Thursday, November 22, 2001

Windows Scripting Host already does this. For example, this is a perfectly legal script:

<?XML version="1.0" standalone="yes" ?>
  <job id="DoneInVBS">
  <?job debug="true"?>
      <script language="VBScript">
        WScript.Echo "This is VBScript"

  <job id="DoneInJS">
  <?job debug="true"?>
      <script language="JScript">
        WScript.Echo("This is JScript");

Mike Gunderloy
Thursday, November 22, 2001

I still have to disagree with Simon Lucy and Mike Gunderloy that XML gives you some processing power, and that it can be compared with programming languages.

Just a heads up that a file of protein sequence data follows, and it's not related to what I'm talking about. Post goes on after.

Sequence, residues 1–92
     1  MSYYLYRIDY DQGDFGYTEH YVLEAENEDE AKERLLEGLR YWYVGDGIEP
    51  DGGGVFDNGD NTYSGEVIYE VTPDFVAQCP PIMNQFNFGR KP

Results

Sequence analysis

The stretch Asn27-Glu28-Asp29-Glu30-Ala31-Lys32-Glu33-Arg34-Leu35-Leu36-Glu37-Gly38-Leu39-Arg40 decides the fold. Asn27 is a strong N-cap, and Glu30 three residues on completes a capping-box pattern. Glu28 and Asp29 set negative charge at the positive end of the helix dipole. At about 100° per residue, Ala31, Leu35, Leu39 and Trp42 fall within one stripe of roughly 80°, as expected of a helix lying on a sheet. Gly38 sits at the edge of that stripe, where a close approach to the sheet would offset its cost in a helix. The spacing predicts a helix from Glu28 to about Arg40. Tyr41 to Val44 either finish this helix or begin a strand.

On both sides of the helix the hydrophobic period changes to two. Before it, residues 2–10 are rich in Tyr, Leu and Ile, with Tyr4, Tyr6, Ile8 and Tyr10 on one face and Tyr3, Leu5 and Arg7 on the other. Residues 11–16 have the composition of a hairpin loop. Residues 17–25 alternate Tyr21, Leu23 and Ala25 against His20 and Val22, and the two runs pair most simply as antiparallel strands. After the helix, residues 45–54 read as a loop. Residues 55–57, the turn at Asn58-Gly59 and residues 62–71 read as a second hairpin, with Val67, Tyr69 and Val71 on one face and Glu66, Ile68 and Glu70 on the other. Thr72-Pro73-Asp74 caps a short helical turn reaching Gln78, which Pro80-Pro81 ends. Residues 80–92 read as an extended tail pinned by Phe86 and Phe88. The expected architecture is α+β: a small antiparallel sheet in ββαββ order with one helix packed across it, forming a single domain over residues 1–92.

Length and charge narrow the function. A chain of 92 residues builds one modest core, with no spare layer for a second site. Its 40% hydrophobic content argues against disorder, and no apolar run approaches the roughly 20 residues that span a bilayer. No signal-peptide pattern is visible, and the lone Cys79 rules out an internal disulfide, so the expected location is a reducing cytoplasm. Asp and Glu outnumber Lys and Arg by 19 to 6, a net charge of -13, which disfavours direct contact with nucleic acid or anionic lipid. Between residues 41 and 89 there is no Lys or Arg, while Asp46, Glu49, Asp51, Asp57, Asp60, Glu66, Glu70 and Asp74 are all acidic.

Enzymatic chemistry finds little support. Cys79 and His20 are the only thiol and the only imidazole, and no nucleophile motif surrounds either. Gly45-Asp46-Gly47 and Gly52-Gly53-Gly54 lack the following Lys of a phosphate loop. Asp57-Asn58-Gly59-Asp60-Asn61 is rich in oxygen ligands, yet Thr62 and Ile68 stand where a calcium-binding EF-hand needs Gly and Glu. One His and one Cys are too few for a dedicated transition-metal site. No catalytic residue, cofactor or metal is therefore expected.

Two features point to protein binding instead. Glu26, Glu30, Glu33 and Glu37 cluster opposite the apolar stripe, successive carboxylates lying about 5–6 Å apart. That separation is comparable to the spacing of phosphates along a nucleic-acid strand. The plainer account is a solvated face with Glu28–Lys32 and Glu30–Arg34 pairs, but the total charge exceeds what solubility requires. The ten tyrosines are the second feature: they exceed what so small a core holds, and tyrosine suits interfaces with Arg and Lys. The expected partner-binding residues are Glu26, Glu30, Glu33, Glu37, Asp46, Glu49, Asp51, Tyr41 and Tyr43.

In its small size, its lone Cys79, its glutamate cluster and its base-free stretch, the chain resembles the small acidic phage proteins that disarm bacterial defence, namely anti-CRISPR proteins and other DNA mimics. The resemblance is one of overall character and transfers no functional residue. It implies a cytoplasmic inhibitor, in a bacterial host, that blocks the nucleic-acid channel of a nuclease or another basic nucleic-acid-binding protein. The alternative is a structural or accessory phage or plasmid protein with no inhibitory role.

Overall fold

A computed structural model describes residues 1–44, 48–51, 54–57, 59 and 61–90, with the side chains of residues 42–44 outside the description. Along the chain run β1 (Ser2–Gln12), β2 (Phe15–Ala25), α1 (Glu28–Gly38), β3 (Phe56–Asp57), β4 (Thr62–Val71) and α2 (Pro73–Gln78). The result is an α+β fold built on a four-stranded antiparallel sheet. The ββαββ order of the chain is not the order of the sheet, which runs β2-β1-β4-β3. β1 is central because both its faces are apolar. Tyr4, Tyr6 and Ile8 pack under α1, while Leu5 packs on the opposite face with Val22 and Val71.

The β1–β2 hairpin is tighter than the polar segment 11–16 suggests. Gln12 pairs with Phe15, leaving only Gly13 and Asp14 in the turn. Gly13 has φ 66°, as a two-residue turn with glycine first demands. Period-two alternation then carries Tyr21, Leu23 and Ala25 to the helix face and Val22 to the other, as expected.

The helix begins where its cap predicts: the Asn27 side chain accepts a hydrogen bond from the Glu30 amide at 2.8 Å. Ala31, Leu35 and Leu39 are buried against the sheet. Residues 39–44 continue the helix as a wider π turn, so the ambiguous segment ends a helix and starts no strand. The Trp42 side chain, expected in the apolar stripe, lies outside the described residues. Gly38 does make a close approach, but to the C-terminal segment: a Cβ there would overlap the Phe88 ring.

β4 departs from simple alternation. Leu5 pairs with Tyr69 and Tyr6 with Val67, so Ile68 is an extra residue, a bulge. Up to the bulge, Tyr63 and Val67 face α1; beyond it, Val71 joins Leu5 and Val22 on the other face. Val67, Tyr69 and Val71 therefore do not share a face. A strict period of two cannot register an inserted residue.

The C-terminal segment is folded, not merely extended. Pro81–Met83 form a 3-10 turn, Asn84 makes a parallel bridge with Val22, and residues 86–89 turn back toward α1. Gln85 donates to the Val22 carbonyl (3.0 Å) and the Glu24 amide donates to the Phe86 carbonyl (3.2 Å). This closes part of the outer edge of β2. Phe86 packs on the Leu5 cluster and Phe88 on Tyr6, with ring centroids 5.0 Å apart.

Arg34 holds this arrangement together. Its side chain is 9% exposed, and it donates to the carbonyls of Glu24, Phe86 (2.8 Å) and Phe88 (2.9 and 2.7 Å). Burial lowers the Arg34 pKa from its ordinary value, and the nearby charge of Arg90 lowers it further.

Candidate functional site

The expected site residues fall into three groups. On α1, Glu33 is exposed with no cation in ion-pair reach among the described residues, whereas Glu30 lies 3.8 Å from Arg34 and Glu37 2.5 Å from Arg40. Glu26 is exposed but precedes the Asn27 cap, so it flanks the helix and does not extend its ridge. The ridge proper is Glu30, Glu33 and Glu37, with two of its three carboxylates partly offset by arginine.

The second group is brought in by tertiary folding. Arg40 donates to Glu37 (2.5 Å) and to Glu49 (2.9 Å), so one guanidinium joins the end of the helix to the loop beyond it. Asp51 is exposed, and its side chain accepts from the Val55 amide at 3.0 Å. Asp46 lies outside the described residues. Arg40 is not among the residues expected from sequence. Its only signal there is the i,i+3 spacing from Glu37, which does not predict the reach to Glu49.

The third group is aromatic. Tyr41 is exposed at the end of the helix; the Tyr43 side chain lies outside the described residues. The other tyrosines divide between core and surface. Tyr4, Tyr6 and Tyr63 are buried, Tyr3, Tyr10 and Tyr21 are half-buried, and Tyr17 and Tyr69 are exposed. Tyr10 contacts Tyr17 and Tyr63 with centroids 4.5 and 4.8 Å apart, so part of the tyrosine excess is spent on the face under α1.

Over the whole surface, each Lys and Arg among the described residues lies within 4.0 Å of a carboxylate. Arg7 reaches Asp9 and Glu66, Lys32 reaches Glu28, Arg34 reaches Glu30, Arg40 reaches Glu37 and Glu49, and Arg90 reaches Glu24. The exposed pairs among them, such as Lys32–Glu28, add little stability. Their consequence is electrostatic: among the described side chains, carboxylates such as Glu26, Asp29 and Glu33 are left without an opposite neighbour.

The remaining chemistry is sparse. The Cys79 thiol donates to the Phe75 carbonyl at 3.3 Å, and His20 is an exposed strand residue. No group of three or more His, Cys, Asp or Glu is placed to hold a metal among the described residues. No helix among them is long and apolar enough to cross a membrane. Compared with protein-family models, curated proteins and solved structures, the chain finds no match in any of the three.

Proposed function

Simon Lucy wrote:
"However, XML certainly is not the 'ASCII of the future' and as it happens yes you can define behaviours for XUL, though its in CSS."

Well, but you are only _describing_ the behaviour. CSS or whatever similar is only another description.  You still have to have some interpreter -- say the web browser.  You could do the same with ASCII.  Think about shell scripts or batch files! Do they have any processing power?  This is the shell or or something similar that is needed to execute the script.

Can I say "DOS batch files are COBOL of the 22nd Century"?  I don't think so.  And still, you can run whatever from your batch file (the does that for you; batch file is only some ASCII file with special syntax).

Simon also wrote:
"You could certainly define a programming language in XML and that would be interpreted at 'runtime' by some parser or other, just as with any other interpreted language."